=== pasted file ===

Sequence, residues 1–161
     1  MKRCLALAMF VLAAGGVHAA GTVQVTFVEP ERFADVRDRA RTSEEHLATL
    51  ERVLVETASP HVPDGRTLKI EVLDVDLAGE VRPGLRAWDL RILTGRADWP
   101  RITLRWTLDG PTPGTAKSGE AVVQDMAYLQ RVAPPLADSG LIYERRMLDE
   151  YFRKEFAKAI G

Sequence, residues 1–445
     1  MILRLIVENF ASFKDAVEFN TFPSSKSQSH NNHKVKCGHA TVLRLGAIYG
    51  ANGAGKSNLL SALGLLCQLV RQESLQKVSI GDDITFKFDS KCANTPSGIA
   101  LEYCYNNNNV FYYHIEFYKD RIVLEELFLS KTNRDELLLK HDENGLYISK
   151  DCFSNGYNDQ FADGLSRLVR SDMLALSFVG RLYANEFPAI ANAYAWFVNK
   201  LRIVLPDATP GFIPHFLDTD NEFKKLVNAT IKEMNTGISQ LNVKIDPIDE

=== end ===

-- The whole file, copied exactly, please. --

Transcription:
Sequence, residues 1–161
     1  MKRCLALAMF VLAAGGVHAA GTVQVTFVEP ERFADVRDRA RTSEEHLATL
    51  ERVLVETASP HVPDGRTLKI EVLDVDLAGE VRPGLRAWDL RILTGRADWP
   101  RITLRWTLDG PTPGTAKSGE AVVQDMAYLQ RVAPPLADSG LIYERRMLDE
   151  YFRKEFAKAI G

Sequence, residues 1–445
     1  MILRLIVENF ASFKDAVEFN TFPSSKSQSH NNHKVKCGHA TVLRLGAIYG
    51  ANGAGKSNLL SALGLLCQLV RQESLQKVSI GDDITFKFDS KCANTPSGIA
   101  LEYCYNNNNV FYYHIEFYKD RIVLEELFLS KTNRDELLLK HDENGLYISK
   151  DCFSNGYNDQ FADGLSRLVR SDMLALSFVG RLYANEFPAI ANAYAWFVNK
   201  LRIVLPDATP GFIPHFLDTD NEFKKLVNAT IKEMNTGISQ LNVKIDPIDE